An Improvement?

Mark, Vandivort-Warren and Miller (2012) made special note of the improvement in inpatient and outpatient coverage which had been a real problem previously.  Many insurance providers were concerned that this type of legislation would significantly raise their costs, but this has not been proven to be the case (The Guide to Community Preventative Services, n.d.).  According to information provided by the United States Department of Labor (n.d.), this does not mean that insurance companies have to provide coverage for mental health or substance use treatment.  It only means that if they do offer that coverage, it must be covered equally with no distinction.

Parity laws also make it imperative for companies to provide justification and information to consumers if treatment is declared to be medically unnecessary.  Individuals need to be educated about their rights when it comes to parity laws.  After years of not being adequately covered, there is still some confusion about what those rights are.  It is also not clear that enforcement is capable of catching those providers who are not following the new laws.  Patients are well advised to research the ways that they can pursue equal treatment in regard to mental health and substance abuse.  Organizations such as the National Institutes of Mental Health (NAMI) can be a great resource in these instances.

Making Strides

Parity laws have made great strides toward ensuring non-discrimination based on medical need.  However, as mentioned before, there is no mandate that insurance companies even provide treatment for mental health and substance abuse treatment.  This may be something that is expanded upon in the future so that more people are receiving the medically necessary treatment that they need.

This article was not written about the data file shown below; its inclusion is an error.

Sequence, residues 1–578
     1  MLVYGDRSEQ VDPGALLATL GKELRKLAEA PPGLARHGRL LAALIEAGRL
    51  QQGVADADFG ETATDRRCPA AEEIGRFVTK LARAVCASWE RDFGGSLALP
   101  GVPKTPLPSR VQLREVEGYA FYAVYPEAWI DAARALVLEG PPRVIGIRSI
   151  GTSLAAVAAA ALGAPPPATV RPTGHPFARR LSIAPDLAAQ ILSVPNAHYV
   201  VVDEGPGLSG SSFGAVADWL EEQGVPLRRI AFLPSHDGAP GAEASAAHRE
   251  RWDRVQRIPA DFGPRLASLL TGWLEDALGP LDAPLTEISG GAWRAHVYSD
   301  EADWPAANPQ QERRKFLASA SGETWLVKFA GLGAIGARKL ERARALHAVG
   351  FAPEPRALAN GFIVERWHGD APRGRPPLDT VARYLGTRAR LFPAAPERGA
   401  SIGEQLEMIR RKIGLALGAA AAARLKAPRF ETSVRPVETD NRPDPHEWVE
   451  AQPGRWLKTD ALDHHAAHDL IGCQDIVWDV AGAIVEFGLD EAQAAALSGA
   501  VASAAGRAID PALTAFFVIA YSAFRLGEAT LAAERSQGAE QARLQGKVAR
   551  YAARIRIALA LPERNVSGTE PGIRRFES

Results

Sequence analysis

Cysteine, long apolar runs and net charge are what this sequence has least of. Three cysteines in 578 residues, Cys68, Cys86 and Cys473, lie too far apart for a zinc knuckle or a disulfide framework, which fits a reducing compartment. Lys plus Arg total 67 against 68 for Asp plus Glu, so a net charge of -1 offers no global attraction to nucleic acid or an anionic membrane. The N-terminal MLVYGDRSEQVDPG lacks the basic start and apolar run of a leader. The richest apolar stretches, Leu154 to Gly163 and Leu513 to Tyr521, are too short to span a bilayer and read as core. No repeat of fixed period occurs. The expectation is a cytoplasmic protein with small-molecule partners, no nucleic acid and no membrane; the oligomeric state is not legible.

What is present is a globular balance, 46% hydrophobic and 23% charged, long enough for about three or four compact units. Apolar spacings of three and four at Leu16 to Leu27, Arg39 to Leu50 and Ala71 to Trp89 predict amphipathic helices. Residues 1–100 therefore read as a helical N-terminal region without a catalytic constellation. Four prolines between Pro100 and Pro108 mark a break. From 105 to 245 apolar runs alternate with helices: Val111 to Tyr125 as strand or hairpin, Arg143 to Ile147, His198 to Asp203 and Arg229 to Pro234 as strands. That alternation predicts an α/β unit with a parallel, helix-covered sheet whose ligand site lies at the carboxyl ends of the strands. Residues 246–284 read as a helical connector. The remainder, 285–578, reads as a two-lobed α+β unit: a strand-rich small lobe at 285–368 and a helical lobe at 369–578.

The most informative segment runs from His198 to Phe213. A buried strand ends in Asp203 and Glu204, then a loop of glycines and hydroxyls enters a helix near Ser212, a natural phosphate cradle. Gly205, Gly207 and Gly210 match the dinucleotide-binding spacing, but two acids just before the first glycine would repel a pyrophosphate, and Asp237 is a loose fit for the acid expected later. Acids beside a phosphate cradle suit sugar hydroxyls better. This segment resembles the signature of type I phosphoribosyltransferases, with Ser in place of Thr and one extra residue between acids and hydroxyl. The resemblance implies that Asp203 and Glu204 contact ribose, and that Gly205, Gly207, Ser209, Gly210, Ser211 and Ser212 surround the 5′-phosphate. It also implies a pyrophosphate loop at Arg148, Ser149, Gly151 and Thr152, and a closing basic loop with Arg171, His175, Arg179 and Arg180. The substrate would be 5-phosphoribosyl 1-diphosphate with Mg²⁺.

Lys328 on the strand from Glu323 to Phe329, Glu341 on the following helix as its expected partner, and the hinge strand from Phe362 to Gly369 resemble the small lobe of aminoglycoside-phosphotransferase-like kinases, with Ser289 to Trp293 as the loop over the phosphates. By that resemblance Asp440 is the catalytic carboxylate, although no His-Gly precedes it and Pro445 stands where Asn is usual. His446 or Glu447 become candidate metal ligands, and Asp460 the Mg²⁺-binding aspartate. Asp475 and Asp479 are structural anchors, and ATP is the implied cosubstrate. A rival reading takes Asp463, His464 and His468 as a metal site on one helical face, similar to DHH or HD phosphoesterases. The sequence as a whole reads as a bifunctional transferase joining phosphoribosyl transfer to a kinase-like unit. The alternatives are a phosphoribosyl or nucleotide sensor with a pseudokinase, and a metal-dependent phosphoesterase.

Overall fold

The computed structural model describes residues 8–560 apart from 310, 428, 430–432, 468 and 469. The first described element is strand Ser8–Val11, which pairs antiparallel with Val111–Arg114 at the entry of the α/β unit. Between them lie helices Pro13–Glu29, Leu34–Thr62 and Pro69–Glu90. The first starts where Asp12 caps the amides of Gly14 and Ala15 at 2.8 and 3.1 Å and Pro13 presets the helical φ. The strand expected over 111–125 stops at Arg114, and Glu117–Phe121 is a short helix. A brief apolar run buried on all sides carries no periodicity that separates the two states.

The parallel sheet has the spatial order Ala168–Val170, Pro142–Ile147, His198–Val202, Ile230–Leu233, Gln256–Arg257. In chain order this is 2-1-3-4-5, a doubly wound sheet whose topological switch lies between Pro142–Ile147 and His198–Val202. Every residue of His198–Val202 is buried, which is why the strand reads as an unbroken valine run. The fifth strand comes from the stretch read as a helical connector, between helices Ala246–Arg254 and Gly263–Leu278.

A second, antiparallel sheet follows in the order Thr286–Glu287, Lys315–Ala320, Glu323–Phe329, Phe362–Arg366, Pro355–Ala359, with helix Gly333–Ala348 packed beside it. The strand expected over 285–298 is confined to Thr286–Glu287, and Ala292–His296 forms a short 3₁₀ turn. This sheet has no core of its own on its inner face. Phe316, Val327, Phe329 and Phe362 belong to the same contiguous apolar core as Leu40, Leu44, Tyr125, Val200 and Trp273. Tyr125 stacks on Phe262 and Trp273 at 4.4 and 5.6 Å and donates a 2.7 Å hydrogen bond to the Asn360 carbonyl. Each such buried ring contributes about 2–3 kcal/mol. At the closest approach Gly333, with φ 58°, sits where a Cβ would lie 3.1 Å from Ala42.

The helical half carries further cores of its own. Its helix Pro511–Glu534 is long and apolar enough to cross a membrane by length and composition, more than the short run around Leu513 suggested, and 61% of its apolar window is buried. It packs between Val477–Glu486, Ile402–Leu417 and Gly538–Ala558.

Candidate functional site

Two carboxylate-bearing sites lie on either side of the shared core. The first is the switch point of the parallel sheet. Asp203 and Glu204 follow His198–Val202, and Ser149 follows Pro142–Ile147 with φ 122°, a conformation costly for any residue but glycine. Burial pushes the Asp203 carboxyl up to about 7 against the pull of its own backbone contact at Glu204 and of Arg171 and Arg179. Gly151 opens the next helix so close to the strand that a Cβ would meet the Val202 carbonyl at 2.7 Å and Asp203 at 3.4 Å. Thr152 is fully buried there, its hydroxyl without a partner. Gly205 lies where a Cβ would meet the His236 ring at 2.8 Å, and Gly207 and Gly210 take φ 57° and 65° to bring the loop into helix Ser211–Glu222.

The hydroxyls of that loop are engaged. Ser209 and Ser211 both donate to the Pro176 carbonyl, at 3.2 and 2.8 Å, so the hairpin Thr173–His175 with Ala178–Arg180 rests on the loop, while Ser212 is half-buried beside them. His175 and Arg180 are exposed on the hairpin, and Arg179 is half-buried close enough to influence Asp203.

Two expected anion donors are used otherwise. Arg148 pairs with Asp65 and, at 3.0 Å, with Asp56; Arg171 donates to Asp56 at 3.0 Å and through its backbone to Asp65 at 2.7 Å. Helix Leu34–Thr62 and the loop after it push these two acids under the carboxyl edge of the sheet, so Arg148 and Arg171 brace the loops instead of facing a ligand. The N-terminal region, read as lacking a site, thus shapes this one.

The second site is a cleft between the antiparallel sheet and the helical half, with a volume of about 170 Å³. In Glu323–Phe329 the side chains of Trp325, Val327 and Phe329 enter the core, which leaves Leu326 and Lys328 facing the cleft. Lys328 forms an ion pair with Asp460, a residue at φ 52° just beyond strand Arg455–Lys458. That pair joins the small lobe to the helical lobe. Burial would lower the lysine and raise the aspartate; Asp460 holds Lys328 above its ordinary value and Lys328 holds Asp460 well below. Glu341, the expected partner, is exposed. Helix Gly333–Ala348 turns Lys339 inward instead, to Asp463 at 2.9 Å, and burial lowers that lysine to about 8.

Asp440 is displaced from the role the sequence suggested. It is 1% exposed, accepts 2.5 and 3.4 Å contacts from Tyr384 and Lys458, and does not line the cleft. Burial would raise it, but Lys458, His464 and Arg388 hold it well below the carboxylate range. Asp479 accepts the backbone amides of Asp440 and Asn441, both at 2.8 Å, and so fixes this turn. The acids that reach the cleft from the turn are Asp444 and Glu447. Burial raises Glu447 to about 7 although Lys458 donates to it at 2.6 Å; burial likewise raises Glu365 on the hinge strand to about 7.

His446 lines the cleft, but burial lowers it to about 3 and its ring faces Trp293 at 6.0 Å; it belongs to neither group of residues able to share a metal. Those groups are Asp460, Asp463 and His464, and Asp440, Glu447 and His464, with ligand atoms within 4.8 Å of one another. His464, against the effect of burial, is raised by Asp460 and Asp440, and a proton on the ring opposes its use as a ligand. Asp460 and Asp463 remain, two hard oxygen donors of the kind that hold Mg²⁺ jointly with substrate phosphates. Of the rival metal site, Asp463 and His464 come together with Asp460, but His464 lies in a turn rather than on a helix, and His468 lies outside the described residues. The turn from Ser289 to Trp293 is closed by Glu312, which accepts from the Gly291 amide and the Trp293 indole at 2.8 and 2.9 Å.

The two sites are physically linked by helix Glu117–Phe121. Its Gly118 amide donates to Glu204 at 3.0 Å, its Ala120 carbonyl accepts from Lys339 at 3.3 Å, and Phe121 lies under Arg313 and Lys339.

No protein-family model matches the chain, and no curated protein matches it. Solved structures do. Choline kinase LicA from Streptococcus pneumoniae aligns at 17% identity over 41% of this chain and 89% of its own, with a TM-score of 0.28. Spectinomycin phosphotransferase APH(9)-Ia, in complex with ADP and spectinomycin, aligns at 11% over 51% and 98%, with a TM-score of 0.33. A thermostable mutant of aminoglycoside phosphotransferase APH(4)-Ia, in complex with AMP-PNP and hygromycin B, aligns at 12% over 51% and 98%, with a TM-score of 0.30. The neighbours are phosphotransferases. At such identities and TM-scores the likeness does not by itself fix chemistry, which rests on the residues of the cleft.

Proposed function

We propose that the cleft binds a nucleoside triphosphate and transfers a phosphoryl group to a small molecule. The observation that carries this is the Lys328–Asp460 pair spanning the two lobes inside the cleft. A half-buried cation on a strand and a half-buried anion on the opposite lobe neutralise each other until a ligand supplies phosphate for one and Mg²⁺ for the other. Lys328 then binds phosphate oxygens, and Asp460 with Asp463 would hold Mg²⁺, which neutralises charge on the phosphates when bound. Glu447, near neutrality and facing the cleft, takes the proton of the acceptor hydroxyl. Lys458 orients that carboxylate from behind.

Kataoka, S. H., Zhang, L., & Wells, K. B. (2002). Unmet need for mental health care among U.S. children: Variation by ethnicity and insurance status. The American Journal of Psychiatry, 159(9), 1548-55.

Mark, T. L., Vandivort-Warren, R., & Miller, K. (2012). Mental health spending by private insurance: Implications for the mental health parity and addiction equity act. Psychiatric Services, 63(4), 313-8.

Substance Abuse and Mental Health Services Administration (n.d.). Mental health parity and addiction equity. Retrieved from

The Guide to Community Preventive Services (n.d.). Improving mental health and addressing mental illness: Mental health benefits legislation. Retrieved from

United States Department of Labor (n.d.). Mental Health Parity. Retrieved from

About the Author

Cathy England, MA Cathy England, MA

Cathy holds a Master’s degree in Psychology and has 13 years of work experience in counseling and social work. Cathy is an advocate for mental health awareness and enjoys educating people about mental health and the ways that it impacts people and communities. Most of her experience has been in work with court dependent or delinquent adolescents and their families. Cathy has also worked as a volunteer as a Court Appointed Special Advocate (CASA) for children under court supervision.

Professional Website:
Comments are closed